|Bones and Wounds
Jan 4, 2006
Hope you are well. Do you know if HIV or meds can affect the strength of bones or ability to heal.
I am on reytaz, norvir,truvada, and adrogel. I have never been ill from HIV and am undetectable with 700 tcells. I have only been positive 3 years. In September, I was forced to jump off my balcony around 8-10 feet. I broke the heels in my feet. One heel was so shattered thht it needed surgery. I was unable to walk for three months!
Before the fall, inn July, I had a hair transplant. The donor area in the back of my head was vry slow to heal. I discovered the donor area had staph infection. It did not heal for almost three months. I had gone to my regular hiv doc and took various antibiotics. Finally, at my hiv doctor's request, I went to a plastic surgeon (I could not go back to the hair transplant doctor, as I concluded he was the source of the staph and he was very rude, etc). The plastic surgeon told me the scabs on my head were "proud scabs" or something, an unhealthy form of scabbing. He cut the scabs off.
My question is could it be that the breaking of my bones in my heels and the failure of my wounds to heal are related to my HIV status or the meds? Thanks for your help.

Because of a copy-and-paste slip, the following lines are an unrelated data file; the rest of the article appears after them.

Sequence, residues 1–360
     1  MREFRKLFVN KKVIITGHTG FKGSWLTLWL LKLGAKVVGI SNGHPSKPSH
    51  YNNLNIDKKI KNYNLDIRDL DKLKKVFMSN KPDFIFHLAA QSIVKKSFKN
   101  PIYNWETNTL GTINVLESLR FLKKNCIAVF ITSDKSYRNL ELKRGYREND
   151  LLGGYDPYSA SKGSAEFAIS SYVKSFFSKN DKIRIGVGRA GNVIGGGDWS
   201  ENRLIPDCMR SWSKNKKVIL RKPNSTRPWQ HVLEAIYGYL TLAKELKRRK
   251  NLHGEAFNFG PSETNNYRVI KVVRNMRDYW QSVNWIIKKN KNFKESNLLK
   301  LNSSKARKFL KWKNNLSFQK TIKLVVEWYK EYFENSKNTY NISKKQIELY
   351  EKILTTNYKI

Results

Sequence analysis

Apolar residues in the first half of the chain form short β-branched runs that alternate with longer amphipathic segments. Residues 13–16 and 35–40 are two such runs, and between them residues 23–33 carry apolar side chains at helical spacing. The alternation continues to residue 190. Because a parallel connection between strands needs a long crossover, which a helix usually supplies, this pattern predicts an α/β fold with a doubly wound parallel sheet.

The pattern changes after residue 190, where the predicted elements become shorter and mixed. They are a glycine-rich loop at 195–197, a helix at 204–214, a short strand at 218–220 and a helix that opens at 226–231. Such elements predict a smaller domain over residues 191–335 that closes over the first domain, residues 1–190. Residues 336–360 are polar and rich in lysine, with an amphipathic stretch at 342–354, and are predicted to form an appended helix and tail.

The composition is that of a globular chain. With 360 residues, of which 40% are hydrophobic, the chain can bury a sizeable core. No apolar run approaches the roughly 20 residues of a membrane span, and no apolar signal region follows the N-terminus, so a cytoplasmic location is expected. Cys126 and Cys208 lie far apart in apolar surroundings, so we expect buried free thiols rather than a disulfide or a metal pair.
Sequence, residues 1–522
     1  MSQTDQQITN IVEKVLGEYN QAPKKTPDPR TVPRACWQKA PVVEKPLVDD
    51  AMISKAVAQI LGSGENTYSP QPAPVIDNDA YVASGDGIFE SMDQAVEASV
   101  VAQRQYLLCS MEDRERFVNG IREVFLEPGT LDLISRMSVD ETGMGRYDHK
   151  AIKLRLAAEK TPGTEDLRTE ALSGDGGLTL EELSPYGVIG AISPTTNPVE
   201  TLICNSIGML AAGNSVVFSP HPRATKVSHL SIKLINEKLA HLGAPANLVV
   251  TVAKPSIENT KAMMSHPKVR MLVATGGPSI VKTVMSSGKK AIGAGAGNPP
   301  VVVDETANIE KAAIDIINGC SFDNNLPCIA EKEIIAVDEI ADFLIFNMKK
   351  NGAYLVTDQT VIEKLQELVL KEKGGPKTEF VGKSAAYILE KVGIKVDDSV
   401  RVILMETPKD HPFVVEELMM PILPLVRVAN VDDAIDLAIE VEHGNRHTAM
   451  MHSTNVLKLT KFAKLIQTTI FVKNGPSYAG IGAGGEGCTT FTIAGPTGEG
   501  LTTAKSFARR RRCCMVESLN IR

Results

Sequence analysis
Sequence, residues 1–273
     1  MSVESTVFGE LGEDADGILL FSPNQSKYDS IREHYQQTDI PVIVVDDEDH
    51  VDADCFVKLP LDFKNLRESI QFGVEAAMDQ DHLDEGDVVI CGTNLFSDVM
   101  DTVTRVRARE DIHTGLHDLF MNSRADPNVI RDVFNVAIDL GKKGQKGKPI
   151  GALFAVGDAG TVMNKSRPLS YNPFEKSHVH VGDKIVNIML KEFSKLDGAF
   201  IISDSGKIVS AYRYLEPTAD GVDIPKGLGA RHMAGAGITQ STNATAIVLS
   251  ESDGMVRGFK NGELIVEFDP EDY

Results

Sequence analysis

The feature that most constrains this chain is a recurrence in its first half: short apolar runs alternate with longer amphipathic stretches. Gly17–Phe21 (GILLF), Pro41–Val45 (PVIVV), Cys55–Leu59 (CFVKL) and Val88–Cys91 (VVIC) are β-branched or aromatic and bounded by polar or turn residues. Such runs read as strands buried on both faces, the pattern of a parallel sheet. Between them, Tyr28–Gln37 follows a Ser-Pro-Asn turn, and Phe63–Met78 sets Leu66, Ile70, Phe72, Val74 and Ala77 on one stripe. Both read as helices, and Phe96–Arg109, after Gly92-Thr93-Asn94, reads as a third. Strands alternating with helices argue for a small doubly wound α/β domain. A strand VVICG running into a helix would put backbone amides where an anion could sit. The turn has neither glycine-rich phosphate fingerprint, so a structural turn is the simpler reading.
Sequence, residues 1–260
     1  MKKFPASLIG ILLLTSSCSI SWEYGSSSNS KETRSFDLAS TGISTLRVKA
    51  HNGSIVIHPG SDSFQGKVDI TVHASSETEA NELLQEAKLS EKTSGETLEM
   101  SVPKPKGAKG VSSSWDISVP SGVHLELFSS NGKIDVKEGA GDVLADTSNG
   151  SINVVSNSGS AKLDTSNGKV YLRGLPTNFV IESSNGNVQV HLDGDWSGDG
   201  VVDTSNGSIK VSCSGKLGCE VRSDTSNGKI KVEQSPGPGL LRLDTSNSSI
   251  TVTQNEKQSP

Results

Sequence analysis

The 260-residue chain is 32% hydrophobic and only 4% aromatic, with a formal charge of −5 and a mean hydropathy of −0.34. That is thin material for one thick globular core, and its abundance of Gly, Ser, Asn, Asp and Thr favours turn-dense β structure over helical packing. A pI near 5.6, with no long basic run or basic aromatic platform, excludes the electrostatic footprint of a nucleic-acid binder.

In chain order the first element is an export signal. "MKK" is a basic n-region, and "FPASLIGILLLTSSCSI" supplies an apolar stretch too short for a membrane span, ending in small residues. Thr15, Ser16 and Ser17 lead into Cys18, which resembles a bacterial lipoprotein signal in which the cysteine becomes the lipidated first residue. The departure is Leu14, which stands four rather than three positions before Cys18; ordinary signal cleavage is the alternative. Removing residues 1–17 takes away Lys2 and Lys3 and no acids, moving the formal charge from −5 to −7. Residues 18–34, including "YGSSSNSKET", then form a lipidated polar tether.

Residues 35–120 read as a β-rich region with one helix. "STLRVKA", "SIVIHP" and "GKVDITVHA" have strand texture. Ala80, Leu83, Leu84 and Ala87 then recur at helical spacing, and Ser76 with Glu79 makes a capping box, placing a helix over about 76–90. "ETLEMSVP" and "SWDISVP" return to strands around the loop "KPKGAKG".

| Response from Dr. Young
Thanks for your post. There have been several studies that show that persons with HIV, on average, don't seem to have any higher risk of surgical complications. To this end, I'm not sure that your staph infection or issues with healing are related to HIV or just bad medical luck.
Bones and fractures is a different subject, with considerable information suggesting that the bones of HIV+ persons seems less dense (osteopenic) than HIV negatives. Large cohort studies and clinical drug studies haven't demonstrated any particular risk of fractures, though it may take a longer period of observation to know this with certainty. In any event, it sounds like the type of trauma that you experienced is enough to explain the very serious fractures that you had. One way to be sure that you don't have abnormaly thinned bones is to have a DEXA scan-- this would look at the bone mineral density in other sites-- usually the back and the hip. If I were your doctor, I'd probably order this simple diagnostic test.
Good luck, be well. BY
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